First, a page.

Contributory pension schemes in Nigeria have moved from a two trillion deficit to a five trillion surplus in almost a decade with a strong growth trajectory.
CEO of the Nigerian Stock Exchange, Oscar Onyema, told CNBC Africa that more than 5.6 million Nigerians are contributing to this scheme. Onyema said they are aiming to make this a more inclusive system that incorporates governments as well as small medium enterprises (SME’s) and small organisations.
“At the end of the day, it’s good for them and it’s good for relations as you amass these assets and deploy them to drive economic growth. It’s a vicious cycle as it also feeds into the wellbeing of their business,” Onyema said.
He shared that at the foundation of pension fund asset allocation needs to be equities because over long periods of time they tend to give higher returns. “The reason is simple, you want to beat inflation so that when the pension contributors want to withdraw during their retirement, their able to sustain a lifetime.”
Following an analysis that was undertaken for the time period between 1999 and 2014, Onyema said it discovered that if you invested one million naira in fixed income you returned about 11 per cent and if you invested in equities, you received a return of 17 per cent annually on average and inflation was at 11 per cent annually.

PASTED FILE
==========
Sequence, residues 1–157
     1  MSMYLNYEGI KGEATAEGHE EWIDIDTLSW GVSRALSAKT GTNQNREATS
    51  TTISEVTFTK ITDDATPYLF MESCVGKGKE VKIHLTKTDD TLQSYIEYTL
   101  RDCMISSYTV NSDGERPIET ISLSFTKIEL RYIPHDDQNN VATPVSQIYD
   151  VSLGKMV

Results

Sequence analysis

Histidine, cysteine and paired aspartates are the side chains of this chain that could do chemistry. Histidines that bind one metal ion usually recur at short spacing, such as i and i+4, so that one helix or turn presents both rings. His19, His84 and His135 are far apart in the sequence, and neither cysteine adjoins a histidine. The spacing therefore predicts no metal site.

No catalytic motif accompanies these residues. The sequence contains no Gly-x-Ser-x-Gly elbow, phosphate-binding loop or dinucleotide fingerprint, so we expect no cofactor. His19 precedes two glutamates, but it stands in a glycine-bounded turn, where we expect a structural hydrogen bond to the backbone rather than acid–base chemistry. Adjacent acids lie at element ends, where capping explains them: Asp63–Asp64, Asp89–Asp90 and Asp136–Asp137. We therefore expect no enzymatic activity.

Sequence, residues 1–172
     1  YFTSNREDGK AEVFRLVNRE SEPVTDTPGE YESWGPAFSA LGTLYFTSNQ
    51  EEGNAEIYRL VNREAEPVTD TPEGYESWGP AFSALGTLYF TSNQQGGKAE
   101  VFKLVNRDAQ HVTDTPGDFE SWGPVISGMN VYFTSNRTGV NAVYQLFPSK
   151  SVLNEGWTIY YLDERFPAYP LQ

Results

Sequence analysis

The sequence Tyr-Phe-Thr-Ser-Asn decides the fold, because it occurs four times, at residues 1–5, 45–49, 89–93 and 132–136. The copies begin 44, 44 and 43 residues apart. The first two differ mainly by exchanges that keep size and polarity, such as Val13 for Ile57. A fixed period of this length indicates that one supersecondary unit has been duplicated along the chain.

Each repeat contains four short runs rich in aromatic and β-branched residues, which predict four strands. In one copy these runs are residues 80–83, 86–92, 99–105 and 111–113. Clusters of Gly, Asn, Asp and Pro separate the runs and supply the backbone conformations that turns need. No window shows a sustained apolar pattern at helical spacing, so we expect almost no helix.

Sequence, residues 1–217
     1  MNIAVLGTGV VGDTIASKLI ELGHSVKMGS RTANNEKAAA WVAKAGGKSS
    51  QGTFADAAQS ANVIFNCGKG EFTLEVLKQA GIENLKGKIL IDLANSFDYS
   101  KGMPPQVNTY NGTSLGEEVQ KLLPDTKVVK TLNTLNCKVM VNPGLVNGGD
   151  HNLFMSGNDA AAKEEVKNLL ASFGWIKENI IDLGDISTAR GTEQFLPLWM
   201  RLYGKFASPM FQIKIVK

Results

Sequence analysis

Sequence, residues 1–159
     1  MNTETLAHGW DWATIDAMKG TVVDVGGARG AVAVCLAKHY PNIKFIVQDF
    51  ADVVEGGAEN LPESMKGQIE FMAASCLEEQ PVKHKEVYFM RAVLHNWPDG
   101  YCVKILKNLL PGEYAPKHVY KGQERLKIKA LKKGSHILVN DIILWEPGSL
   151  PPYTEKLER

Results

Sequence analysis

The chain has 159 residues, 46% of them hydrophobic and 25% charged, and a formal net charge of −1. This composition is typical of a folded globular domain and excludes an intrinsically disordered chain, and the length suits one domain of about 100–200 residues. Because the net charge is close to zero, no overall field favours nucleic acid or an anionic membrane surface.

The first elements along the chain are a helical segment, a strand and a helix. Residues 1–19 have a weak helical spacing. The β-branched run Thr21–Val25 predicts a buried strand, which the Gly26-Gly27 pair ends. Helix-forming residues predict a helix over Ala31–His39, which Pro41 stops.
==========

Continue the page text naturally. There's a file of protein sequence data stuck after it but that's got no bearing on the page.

It is for this reason that Onyema recommends that for an appropriate portfolio, an investor must have asset class diversification, fixed income, ETFs, equities, infrastructure, commodities and alternative investments. “You should be able to marry and exposure that is not highly correlated and therefore be able to meet short-term needs.”
The key challenge noted by Onyema is “How do you maximise pension fund investments while addressing risk issues because preservation of capital is very important.”
He further filled in the blanks and said regulations and operators need to be at the forefront of enhancing pension asset allocation to match what the rest of the world is doing.
He gave special recognition to Pencom on the issue of inclusiveness saying that, “Pension assets will not be vested in state government bonds where those states are not contributing.” Onyema suggests providing a window to SMEs because currently in order for a pension fund to be invested a company, they need to listed and paying dividends